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J Health Care Finance. 2003 Summer;29(4):29-42.

Benchmarking variation in coding accuracy across the United States.

Author information

1
College of Human Development, Department of Health Policy and Administration, School of Information Sciences and Technology, Pennsylvania State University, University Park, PA, USA.

Abstract

The objective of this study was to measure the consistency of coded medical data through information managers' reports of the overall coding error level in patients' medical records. Using a cross-sectional design, we examined the reported percent of records containing coding errors significant enough to change a diagnostic related group (DRG). Results indicate about 87 percent, 9 percent, and 5 percent of respondents reported that significant coding errors existed in less than 5 percent, 6-10 percent, and greater than 10 percent of the medical records in their institutions, respectively. Significant variation was found in the accuracy and consistency of coding practice and associated data quality across key demographic and organizational variables. Significantly large error rates in coded data exist in some organizations. Given variations across key demographic characteristics, providers may tend to distrust all coded data, when aggregated. As the United States moves toward an evidence-based medicine environment, the use of current patient data classification methods may be of limited value without increased attention to coding practices.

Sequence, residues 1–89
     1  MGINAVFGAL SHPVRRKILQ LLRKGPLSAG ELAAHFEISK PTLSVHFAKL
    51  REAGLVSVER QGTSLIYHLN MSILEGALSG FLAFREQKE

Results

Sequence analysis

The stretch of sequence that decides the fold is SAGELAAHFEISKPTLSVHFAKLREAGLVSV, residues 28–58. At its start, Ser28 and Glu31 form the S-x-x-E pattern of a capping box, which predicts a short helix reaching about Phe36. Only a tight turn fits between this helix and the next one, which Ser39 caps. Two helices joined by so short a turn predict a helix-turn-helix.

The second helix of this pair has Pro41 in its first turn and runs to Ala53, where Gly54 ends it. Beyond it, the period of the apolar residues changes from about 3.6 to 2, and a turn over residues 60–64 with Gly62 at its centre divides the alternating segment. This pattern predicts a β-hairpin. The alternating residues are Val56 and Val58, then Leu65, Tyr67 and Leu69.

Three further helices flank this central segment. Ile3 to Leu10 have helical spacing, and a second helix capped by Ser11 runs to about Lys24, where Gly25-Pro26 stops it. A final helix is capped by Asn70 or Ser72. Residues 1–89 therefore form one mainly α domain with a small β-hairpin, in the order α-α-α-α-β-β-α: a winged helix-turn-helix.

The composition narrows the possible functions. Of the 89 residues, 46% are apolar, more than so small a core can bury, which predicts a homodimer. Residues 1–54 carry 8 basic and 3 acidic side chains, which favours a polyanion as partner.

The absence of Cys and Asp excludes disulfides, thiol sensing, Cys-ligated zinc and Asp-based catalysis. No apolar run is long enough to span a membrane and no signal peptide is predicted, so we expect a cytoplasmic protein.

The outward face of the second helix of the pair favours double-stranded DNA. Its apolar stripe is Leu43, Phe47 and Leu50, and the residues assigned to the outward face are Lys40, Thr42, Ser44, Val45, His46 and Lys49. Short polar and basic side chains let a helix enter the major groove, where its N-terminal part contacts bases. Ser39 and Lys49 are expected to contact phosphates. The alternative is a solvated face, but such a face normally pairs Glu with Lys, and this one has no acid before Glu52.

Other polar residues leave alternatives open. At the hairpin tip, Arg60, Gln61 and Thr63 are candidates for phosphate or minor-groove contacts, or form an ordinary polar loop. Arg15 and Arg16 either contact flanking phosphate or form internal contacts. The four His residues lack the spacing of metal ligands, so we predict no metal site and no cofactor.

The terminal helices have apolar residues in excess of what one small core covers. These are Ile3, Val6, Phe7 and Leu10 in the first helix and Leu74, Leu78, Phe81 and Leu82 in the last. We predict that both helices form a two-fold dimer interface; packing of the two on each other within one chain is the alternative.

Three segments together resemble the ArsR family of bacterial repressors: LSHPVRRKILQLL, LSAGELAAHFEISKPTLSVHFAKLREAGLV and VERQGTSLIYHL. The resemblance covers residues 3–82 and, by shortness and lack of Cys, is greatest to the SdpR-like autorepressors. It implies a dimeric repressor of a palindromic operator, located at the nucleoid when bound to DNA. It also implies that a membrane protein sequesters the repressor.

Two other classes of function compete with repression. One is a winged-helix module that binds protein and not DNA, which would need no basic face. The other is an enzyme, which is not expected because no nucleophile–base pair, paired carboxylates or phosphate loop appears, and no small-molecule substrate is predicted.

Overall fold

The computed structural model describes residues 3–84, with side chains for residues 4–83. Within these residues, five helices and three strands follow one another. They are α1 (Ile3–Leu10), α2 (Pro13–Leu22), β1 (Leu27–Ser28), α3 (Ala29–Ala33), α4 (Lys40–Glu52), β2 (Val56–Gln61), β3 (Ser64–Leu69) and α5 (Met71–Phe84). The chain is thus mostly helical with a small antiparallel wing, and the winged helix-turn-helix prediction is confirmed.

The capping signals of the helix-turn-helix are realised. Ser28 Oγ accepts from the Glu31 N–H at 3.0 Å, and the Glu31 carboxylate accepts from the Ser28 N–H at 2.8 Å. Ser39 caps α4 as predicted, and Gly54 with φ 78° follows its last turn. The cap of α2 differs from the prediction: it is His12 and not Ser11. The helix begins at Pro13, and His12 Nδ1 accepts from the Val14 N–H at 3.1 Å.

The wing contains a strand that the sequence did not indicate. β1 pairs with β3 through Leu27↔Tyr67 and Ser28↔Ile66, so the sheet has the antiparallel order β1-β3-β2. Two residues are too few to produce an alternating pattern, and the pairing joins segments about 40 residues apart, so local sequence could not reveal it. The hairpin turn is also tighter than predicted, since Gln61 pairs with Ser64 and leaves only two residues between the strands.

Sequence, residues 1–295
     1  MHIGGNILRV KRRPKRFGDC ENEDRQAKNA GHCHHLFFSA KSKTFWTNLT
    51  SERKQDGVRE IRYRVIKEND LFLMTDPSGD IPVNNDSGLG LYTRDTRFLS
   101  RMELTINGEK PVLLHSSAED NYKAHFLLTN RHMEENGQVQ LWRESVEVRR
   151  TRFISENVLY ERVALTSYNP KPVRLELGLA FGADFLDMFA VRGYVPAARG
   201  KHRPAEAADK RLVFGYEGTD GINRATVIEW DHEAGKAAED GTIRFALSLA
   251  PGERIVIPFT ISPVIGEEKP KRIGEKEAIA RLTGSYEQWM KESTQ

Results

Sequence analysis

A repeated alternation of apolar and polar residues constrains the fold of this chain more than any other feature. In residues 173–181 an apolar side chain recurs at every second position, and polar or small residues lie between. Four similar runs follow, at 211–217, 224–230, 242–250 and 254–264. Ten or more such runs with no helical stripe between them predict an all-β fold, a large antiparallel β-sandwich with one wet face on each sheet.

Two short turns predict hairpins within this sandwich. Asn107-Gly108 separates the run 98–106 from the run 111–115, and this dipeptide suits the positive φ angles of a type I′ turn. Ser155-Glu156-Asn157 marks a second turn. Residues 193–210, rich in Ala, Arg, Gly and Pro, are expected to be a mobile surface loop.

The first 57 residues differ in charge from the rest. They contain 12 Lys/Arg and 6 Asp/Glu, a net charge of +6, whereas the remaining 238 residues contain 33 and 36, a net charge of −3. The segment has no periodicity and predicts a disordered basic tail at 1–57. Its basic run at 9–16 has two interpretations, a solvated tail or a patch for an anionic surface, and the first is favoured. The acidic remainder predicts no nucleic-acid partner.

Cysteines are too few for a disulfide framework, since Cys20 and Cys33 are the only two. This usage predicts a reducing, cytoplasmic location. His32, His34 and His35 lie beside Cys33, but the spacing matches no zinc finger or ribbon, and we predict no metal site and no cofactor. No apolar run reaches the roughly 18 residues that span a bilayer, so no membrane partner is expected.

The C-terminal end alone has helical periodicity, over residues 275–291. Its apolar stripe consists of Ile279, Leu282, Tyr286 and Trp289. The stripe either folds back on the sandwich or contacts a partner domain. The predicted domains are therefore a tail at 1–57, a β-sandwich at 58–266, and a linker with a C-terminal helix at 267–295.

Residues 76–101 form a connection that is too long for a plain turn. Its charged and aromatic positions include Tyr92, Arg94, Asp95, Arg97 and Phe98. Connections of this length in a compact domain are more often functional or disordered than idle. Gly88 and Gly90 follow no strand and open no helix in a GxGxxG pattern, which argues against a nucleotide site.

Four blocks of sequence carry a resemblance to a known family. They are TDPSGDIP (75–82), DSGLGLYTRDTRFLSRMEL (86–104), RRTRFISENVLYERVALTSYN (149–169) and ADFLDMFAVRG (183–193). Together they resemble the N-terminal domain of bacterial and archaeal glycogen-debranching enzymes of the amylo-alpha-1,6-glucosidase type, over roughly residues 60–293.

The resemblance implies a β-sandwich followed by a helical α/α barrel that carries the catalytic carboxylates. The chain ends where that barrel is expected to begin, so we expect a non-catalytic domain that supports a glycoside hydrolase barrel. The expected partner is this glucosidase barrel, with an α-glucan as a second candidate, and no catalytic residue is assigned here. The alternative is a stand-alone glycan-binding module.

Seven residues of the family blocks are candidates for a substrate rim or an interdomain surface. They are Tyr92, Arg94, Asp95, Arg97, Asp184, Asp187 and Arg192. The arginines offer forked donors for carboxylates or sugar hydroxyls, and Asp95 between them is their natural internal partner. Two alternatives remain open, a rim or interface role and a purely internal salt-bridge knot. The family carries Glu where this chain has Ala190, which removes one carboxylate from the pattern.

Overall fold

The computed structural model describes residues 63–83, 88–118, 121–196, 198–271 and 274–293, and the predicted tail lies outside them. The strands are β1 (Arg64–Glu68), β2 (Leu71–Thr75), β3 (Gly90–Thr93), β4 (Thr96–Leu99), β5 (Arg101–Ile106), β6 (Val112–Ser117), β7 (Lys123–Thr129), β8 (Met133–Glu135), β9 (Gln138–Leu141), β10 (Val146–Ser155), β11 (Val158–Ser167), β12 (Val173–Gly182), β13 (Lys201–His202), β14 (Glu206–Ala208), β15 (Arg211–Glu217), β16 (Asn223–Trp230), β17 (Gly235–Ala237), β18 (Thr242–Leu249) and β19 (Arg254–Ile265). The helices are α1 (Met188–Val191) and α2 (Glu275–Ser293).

PMID:
12908652
[Indexed for MEDLINE]

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